Baade's Window


Baade's Window is an area of the sky with relatively low amounts of interstellar "dust" along the line of sight from the Earth. This area is considered an observational "window" as the normally obscured Galactic Center of the Milky Way is visible in this direction. It is named for astronomer Walter Baade who first recognized its significance. This area corresponds to one of the brightest visible patches of the Milky Way. It is centered at Galactic longitude l=1.02 degree and Galactic latitude b=-3.92 degrees,[1] which corresponds to a right ascension of 18h 03m 32.14s and a declination of -30d 02m 06.96s, in the direction of the constellation of Sagittarius.[2][3]

Baade's Window on the Milky Way


Walter Baade observed the stars in this area in the mid-1940s using the 100-inch (2.5 m) Hooker telescope at Mount Wilson Observatory in California while searching for the center of the Milky Way galaxy. Up until this time the structure and location of the galactic center was not known with certainty.[4]

In 2006, the Sagittarius Window Eclipsing Extrasolar Planet Search (SWEEPS) conducted an astronomical survey to monitor 180,000 stars for seven days to detect extrasolar planets via the transit method.[5]


NGC 6522 (upper right) and NGC 6528 (lower left) are visible within Baade's Window.

Baade's Window is frequently used to study distant central bulge stars in visible and near-visible wavelengths of light. Important information on the internal geometry of the Milky Way is still being refined by measurements made through this "window". The window is now known to be slightly "south" of the main central galaxy bulge. The window is irregular in outline and subtends about 1 degree of the sky. It is centered on the globular cluster NGC 6522.[6]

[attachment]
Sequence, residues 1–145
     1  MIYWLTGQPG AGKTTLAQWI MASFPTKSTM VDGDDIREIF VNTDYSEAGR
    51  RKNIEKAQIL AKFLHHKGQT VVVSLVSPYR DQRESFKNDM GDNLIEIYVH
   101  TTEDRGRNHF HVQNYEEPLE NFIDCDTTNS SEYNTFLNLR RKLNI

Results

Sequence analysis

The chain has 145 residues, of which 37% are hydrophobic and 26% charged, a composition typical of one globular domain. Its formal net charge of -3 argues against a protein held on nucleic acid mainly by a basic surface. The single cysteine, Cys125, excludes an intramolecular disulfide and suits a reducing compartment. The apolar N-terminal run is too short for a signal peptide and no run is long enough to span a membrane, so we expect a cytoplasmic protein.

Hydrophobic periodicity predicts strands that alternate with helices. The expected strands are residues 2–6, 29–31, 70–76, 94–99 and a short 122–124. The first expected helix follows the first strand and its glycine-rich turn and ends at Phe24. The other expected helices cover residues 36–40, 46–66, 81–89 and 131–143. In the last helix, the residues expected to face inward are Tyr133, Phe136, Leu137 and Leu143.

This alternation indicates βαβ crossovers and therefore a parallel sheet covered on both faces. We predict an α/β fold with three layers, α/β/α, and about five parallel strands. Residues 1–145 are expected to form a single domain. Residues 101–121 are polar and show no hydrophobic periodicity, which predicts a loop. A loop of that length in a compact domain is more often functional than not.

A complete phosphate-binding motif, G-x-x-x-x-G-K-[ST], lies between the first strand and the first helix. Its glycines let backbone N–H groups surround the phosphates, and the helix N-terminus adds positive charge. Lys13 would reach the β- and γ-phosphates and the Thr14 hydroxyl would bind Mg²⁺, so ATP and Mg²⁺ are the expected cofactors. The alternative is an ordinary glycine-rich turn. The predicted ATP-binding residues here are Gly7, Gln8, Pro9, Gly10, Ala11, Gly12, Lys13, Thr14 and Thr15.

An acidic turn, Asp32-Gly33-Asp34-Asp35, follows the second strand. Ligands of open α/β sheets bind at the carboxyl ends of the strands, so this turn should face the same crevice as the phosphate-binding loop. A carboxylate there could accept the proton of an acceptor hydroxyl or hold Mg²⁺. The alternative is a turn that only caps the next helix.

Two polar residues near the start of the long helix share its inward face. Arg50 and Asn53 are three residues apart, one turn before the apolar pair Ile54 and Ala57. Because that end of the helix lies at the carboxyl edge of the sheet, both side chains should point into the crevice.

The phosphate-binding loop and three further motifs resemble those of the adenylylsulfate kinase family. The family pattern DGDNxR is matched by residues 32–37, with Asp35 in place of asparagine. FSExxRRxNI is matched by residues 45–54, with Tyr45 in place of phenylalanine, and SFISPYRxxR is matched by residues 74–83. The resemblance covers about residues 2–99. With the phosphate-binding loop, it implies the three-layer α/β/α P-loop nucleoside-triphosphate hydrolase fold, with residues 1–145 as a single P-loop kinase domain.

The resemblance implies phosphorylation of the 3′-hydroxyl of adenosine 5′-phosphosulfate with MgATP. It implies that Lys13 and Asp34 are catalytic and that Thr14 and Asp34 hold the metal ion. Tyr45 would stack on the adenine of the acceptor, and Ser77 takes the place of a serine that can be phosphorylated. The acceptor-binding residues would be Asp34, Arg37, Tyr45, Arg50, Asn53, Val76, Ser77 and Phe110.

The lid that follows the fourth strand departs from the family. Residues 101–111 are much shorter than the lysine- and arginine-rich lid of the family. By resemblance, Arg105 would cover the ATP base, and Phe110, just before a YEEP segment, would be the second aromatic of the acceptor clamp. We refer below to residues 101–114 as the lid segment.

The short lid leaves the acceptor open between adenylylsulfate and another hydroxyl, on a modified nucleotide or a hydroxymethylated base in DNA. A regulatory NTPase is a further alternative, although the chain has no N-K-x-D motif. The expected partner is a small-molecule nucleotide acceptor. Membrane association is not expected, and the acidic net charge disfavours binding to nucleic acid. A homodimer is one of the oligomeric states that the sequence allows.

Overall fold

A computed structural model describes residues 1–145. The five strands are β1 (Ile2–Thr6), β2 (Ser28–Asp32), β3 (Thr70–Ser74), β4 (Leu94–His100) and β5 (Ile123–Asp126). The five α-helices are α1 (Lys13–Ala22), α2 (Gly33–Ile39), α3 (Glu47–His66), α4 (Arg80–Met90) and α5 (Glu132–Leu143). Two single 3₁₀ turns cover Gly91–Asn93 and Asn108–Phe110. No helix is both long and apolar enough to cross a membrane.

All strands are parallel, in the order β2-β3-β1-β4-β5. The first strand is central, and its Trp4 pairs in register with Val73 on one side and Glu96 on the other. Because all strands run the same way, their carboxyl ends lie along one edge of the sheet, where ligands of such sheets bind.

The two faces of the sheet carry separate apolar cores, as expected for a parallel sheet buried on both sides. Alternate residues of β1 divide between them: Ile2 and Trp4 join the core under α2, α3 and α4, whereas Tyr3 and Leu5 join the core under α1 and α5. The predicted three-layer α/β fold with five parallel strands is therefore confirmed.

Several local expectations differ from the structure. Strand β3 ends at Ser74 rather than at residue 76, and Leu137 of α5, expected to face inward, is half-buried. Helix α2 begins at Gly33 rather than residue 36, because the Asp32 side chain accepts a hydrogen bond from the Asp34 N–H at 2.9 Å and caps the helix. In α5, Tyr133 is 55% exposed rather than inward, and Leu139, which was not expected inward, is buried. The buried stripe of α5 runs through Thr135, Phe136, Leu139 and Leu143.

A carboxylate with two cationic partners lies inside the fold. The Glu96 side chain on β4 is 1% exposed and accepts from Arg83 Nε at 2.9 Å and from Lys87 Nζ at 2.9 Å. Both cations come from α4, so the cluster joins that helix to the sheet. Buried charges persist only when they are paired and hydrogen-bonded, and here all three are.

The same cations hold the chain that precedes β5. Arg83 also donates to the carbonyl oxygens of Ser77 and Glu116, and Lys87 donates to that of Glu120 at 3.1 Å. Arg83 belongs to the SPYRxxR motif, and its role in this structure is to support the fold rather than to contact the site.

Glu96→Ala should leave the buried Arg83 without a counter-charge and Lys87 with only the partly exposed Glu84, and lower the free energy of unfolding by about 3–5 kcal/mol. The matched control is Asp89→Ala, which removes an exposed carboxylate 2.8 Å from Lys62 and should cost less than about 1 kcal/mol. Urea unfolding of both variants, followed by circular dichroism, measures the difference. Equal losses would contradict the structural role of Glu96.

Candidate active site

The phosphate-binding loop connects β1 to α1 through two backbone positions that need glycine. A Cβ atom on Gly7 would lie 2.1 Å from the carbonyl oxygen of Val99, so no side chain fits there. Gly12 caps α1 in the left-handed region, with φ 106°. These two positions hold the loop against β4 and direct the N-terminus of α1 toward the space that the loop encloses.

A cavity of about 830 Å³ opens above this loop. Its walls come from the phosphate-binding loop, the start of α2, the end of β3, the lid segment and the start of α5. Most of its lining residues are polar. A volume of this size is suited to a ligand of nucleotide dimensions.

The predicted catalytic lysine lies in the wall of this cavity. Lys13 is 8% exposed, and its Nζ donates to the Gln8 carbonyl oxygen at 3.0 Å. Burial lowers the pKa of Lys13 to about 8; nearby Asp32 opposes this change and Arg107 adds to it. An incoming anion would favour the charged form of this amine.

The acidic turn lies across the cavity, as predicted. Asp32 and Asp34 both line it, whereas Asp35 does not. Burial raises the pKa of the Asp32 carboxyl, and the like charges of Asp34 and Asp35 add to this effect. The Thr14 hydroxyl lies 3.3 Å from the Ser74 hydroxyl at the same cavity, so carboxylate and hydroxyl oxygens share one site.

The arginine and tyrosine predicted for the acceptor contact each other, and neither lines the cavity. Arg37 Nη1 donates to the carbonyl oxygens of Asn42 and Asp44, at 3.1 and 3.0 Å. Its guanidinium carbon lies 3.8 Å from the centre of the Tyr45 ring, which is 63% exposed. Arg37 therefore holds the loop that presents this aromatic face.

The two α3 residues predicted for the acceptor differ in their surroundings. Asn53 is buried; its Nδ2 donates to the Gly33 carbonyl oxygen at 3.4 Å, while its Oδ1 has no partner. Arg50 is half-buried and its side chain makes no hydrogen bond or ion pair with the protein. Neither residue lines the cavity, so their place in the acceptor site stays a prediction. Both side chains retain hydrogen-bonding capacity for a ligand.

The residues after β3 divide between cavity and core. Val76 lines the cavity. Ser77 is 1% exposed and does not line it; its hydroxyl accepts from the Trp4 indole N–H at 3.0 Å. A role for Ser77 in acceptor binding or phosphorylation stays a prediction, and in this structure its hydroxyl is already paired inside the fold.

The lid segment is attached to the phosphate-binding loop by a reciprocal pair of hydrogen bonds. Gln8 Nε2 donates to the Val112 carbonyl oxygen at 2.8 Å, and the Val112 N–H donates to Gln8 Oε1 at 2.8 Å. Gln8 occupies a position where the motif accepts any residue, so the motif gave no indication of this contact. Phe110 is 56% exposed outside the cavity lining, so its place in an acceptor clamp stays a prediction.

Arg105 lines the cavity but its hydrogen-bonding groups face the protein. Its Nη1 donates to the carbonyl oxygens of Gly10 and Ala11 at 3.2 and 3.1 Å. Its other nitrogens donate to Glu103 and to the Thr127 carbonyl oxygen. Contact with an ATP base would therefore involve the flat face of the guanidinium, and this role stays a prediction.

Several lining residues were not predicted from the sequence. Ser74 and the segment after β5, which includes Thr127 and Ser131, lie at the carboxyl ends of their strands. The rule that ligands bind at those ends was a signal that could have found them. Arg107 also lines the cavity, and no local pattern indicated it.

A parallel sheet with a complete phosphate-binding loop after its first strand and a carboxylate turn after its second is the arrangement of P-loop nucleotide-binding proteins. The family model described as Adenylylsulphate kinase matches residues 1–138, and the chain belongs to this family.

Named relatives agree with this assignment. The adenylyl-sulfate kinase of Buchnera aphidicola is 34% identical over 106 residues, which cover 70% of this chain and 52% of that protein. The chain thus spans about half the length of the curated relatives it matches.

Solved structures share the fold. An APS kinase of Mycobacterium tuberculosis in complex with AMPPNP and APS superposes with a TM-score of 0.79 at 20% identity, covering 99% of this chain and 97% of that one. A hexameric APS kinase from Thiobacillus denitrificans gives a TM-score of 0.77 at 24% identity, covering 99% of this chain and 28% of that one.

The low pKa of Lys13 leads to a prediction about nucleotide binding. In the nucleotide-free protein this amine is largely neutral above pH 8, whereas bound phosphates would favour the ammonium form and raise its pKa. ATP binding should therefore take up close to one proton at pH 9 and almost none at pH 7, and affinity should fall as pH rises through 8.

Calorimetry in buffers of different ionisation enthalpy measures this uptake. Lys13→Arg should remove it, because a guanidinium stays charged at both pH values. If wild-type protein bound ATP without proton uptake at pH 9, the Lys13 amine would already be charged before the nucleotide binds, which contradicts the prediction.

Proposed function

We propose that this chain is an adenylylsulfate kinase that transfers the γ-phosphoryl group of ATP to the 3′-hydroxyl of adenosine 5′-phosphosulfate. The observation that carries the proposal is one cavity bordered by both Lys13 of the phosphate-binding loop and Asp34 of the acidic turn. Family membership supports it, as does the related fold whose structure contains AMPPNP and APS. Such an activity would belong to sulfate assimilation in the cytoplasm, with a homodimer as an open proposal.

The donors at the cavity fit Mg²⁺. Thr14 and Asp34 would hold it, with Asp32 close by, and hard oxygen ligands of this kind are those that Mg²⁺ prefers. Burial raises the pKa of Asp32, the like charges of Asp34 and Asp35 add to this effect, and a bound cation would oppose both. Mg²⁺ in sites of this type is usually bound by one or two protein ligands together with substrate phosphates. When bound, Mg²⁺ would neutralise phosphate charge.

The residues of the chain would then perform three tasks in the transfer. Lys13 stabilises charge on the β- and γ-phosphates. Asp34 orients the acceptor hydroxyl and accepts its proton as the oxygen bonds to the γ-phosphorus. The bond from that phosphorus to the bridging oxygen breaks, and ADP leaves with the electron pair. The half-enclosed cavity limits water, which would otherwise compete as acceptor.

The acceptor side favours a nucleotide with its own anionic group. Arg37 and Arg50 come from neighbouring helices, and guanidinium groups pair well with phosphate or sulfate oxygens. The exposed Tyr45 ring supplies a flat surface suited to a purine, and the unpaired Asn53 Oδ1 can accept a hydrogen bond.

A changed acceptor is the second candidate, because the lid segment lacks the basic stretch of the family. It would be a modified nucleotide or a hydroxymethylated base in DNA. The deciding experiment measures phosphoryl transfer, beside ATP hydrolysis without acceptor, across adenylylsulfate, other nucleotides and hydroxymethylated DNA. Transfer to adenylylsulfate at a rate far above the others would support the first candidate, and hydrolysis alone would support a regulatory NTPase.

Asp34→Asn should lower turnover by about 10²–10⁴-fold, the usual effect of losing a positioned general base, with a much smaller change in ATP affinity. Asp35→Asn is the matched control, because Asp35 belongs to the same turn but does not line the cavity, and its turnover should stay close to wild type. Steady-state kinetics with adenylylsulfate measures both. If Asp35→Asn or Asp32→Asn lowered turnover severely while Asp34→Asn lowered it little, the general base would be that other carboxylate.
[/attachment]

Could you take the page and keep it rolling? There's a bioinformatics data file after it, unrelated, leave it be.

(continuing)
Baade's Window is the largest of the six areas through which central bulge stars are visible.[7]

OGLE and other observation programs have successfully detected extrasolar planets orbiting around central bulge stars in this area by the gravitational microlensing method.

Stars observed in Baade's Window can be called BW stars, similarly giant stars can be called BW giants.

See alsoEdit


  1. ^ Church, Ross P.; Johnson, Jennifer A.; Feltzing, Sofia (May 2011). "Coordinates and 2MASS and OGLE identifications for all stars in Arp's 1965 finding chart for Baade's Window". Astronomy & Astrophysics. 529: A104. arXiv:1103.5462. Bibcode:2011A&A...529A.104C. doi:10.1051/0004-6361/201116829. ISSN 0004-6361.
  2. ^ "NAME Baade Window". SIMBAD. Centre de données astronomiques de Strasbourg. Retrieved 2011-03-13.
  3. ^ "Your NED Search Results-Input: Galactic/Output: Equatorial J2000.0". Retrieved 2020-06-02.
  4. ^ Baade, W. (August 1946). "A Search For the Nucleus of Our Galaxy". Publications of the Astronomical Society of the Pacific. 58 (343): 249–252. Bibcode:1946PASP...58..249B. doi:10.1086/125835.
  5. ^ "SIMBAD Details on Acronym: SWEEPS". SIMBAD. Centre de Données astronomiques de Strasbourg. Retrieved 2009-05-21.
  6. ^ Stanek, K.Z. (1996). "Extinction Map of Baade's Window". Astrophysical Journal Letters. 381 (1): 219–226. arXiv:astro-ph/9512137. Bibcode:1996ApJ...460L..37S. doi:10.1086/309976. S2CID 11590782.
  7. ^ Dutra C.M.; Santiago B.X.; Bica E. (2002). "Low-extinction windows in the inner Galactic Bulge". Astronomy & Astrophysics. 460 (1): L37. arXiv:astro-ph/0110658. Bibcode:2002A&A...381..219D. doi:10.1051/0004-6361:20011541. S2CID 15619180.

External linksEdit

  • NASA Astronomy Picture of the Day: Stars and Dust Through Baade's Window (19 December 2007)
  • NASA Astronomy Picture of the Day: Stars and Dust Through Baade's Window (23 December 2002)
  • NASA Astronomy Picture of the Day: Lensing Through Baade's Window (1 February 1996)

Coordinates:   18h 03m 32.14s, −30° 02′ 06.96″